'An attitude of gratitude is good for our overall health': Experts encourage people to show thanks this holiday season

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MILWAUKEE (CBS 58) -- With the hustle and bustle of everyday life, it can be easy to forget to pause and take a moment to show gratitude for the things that matter most. As we prepare to celebrate Thanksgiving, experts are encouraging people to do just that.

"Thanksgiving is a great opportunity to spark a gratitude practice," explained Dr. Shilagh Mirgain, a distinguished psychologist with UW Health. "Research shows that cultivating an attitude of gratitude is good for our overall health."

Whether it's thanking your aunt for preparing Thanksgiving dinner or thanking a friend who helped you through a tough time, Dr. Mirgain says it's important to acknowledge the people and things in our lives we are grateful for.

"Those people who are more grateful, who have gratitude practice, find that they are happier," Dr. Mirgain said. "It can lead to improvements in sleep and energy. It's also very good for our heart in that it improves blood pressure and glycemic control. Gratitude also fosters social connectiveness. It helps us feel less isolated or alone."

Julia R. M. rings bells during the holiday season, collecting donations for the Salvation Army. It's one way she gives back to the community she's so thankful for.

"Thank you God to be in this wonderful country, having the opportunities for myself and my family. My kids and my community," said Julia, who says she's excited for the Thanksgiving holiday. "I'm going to cook the turkey, but I prefer to celebrate with my community most. Many people are waiting for our help."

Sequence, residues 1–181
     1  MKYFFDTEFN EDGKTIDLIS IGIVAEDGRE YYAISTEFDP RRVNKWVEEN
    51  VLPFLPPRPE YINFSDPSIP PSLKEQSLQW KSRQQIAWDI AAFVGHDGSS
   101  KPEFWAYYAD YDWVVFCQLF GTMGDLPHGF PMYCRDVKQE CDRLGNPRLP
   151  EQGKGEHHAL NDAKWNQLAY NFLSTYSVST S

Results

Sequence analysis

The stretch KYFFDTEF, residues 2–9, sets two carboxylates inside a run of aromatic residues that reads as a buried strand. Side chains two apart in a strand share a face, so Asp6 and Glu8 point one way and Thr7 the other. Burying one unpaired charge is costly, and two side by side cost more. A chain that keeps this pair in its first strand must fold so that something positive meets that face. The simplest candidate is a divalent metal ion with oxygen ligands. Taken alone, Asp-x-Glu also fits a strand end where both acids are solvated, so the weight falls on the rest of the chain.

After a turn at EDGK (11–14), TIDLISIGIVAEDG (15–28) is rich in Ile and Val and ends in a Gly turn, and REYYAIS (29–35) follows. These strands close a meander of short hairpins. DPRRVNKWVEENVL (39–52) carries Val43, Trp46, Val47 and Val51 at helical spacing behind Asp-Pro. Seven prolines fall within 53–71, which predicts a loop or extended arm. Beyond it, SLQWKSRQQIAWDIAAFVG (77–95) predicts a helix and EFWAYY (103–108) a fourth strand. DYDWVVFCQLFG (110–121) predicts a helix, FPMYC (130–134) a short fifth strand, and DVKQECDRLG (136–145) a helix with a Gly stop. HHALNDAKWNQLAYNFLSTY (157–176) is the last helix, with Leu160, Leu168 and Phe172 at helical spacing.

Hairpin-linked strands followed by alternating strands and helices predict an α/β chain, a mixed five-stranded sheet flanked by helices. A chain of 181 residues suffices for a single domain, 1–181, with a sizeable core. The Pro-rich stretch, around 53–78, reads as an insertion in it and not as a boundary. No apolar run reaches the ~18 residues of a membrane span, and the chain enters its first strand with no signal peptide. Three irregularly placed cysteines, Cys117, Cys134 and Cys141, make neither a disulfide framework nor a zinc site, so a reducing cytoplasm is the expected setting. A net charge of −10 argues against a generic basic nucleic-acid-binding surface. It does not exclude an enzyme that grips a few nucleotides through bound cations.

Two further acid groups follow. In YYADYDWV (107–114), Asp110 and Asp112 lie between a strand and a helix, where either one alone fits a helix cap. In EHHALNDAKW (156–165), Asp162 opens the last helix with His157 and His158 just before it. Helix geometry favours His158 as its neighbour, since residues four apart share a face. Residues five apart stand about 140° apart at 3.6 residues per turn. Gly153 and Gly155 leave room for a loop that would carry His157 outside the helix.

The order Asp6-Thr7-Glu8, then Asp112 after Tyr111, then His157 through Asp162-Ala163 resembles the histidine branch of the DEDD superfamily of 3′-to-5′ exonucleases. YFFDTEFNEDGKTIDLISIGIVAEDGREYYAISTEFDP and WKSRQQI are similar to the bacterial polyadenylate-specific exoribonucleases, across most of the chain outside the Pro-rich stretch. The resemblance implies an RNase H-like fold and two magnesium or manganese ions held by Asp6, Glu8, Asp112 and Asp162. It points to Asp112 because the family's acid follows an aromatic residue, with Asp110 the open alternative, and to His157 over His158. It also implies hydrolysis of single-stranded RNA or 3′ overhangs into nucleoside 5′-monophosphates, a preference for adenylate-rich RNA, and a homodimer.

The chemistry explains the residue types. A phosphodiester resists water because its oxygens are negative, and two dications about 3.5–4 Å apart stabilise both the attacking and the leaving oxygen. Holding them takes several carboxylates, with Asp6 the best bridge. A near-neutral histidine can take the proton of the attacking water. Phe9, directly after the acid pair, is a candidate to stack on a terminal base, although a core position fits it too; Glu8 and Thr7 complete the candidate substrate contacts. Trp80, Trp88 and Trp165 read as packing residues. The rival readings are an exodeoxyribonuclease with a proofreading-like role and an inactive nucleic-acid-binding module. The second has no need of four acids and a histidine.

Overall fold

Once the Thanksgiving holiday has come and gone, Dr. Mirgain says it's important to continue to show gratitude for the people and things important to them, sharing some tips on how to do so.

"Creating a gratitude journal or maybe using a gratitude app where at the end of the day, reflecting by writing down five things that you're grateful for," Dr. Mirgain said. "Research shows that within a month, people become a little bit happier and within six months, people report being nine percent happier just taking a minute to write down the five things they're grateful for."

A simple task, one that can help improve your health and attitude, as well as the lives of those around you.

"Gratitude is quite simple and it's free and always available to us," Dr. Mirgain said. "Many people are struggling and suffering with a whole magnitude of stresses this time of year, but gratitude allows us to have a choice in how we're responding."

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